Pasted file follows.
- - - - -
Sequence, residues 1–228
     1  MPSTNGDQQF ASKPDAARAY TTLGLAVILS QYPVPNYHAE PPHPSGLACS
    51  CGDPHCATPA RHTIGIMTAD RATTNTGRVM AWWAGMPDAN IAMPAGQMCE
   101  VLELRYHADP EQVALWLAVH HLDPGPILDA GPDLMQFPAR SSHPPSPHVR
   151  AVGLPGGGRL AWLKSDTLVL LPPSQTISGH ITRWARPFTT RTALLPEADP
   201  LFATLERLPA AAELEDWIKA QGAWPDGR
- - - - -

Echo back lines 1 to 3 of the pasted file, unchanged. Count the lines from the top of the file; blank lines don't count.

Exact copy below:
Sequence, residues 1–228
     1  MPSTNGDQQF ASKPDAARAY TTLGLAVILS QYPVPNYHAE PPHPSGLACS
    51  CGDPHCATPA RHTIGIMTAD RATTNTGRVM AWWAGMPDAN IAMPAGQMCE